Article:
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They call it ‘Spring’-field for a reason

In Springfield, 11th-hour bills are springing up all over in the Illinois General Assembly, leaving the public with little if any chance to provide input. Citizens should “spring” into action and complain.

Published: Thursday, May 29, 2014 1:15 a.m. CDT

As the spring legislative session rumbles toward adjournment Saturday, it appears that Springfield, as in “Spring”-field, is again earning its name.

That’s because new and sometimes unfamiliar bills spring out of legislative committees, are rushed to the chamber floor, and are put to a vote before regular folks have much time to react.

We understand a bit about deadline pressure in the news business, but that should not be an excuse for legislative leaders to spring so many important bills on the public, let alone their representatives and senators, at the tail end of the session.

Examples abound.

n A bill to transform the Abraham Lincoln Presidential Library into an independent state agency materialized in a House committee controlled by Speaker Michael Madigan, won approval, and zoomed to the House floor.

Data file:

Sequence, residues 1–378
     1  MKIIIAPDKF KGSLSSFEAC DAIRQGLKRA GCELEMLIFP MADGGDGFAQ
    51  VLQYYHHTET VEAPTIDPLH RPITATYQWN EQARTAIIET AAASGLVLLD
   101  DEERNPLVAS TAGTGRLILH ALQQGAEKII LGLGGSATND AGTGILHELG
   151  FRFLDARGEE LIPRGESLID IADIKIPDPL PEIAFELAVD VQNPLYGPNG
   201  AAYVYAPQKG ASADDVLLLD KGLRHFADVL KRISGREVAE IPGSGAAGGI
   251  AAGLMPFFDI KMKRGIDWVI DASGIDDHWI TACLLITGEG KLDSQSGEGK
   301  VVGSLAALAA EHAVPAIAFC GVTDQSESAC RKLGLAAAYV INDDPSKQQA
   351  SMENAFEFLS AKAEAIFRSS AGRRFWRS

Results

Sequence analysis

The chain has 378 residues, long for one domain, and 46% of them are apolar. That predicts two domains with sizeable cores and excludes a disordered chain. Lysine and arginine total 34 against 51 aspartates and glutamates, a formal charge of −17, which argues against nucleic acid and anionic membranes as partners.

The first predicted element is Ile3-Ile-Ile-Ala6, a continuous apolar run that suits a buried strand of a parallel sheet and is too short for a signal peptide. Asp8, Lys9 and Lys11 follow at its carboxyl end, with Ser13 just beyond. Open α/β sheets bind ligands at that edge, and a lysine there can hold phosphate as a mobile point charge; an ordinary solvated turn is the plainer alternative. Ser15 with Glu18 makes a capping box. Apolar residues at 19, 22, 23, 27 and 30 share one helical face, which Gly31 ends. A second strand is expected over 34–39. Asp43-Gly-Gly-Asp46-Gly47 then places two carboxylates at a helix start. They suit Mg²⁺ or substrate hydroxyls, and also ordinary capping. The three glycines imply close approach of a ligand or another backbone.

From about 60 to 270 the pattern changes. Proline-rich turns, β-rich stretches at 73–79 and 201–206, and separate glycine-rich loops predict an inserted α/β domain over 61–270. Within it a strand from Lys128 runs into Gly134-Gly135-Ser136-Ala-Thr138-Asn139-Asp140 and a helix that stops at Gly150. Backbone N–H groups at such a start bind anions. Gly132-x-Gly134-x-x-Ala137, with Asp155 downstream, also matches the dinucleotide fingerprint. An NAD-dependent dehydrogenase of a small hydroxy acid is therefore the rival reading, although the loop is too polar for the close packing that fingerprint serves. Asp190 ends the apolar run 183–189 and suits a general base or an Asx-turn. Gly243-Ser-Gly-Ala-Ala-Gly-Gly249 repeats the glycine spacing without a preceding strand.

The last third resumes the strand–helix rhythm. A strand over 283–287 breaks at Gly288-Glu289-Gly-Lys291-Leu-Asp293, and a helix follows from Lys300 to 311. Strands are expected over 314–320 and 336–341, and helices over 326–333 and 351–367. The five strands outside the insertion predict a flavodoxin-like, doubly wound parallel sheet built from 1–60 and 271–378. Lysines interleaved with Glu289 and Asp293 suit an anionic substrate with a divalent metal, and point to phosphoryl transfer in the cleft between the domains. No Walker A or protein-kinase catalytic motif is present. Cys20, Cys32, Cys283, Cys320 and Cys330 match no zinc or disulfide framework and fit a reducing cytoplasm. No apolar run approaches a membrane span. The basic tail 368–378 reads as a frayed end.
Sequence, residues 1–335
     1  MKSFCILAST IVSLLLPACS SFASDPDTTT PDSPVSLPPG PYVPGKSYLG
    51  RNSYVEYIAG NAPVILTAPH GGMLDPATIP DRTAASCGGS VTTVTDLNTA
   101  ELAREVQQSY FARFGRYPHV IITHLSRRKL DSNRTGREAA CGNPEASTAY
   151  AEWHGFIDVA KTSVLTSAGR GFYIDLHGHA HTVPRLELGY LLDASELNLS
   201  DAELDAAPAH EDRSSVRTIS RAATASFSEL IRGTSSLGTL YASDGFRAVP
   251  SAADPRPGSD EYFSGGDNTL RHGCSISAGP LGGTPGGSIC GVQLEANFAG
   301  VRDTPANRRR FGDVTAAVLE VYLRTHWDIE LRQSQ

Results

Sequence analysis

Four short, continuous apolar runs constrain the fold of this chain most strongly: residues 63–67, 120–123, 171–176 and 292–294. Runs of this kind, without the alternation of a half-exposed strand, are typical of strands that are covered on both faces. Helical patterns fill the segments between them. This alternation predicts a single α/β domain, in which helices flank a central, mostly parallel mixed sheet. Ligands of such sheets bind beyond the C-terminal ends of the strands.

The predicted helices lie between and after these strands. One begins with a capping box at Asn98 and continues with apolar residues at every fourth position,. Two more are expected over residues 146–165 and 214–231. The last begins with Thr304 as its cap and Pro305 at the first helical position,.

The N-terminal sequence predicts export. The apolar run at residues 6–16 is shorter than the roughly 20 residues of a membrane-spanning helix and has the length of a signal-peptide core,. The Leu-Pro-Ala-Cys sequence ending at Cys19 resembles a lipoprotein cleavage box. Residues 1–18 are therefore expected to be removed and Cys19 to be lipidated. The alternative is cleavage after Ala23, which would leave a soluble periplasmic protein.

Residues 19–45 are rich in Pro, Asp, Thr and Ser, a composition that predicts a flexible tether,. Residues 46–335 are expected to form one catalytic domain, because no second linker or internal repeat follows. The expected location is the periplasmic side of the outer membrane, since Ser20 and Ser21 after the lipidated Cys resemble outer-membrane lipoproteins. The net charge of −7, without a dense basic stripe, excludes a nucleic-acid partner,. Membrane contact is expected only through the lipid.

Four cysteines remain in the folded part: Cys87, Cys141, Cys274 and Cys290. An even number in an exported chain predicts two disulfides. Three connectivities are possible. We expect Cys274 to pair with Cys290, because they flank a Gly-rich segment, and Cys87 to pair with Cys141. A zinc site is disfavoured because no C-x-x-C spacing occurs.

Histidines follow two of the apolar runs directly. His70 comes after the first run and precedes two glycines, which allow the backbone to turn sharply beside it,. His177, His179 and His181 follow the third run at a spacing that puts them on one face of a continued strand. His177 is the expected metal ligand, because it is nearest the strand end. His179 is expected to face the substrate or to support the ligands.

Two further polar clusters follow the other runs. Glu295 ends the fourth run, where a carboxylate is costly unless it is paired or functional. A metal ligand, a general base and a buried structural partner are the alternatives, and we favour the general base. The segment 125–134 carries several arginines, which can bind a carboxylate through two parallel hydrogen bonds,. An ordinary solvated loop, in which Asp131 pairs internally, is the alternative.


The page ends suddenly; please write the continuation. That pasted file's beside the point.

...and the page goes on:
n A bill to tax soda pop quickly popped onto the radar. However, the “soda tax” got shot down in committee.

n Several budget bills have been sprung on the full House. A “doomsday” $35 billion budget faced its own doomsday Friday. However, the $35.7 billion measure that won approval Tuesday apparently fails to include enough revenue to cover its budgeted expenditures. Oh, and the House was too rushed to have a hearing on it.

n A bill inspired by the Madison County Health Department’s shutdown of a 12-year-old girl’s home baking operation was killed, revived, adjusted, and approved by the Senate.

n A rival school funding bill was introduced by Senate Republicans to counter the Democratic bill, which won approval while the GOP bill stalled.

n Non-binding questions on increasing the Illinois minimum wage and imposing a “millionaires tax” materialized and are up for consideration.

n A bill to skip a rulemaking process by the Department of Natural Resources regarding hydraulic fracturing was introduced, considered, then quickly abandoned.

n And, in a blast from the past, the Senate was presented with a resolution calling on Illinois to ratify the Equal Rights Amendment – a movement that died in the 1980s.

Yes, in “Spring-field,” last-minute bills have sprung up all over, but to our way of thinking, the process tramples on the rights of the public to be informed and to comment on pending legislation.

Citizens ought to “spring” into action and complain.

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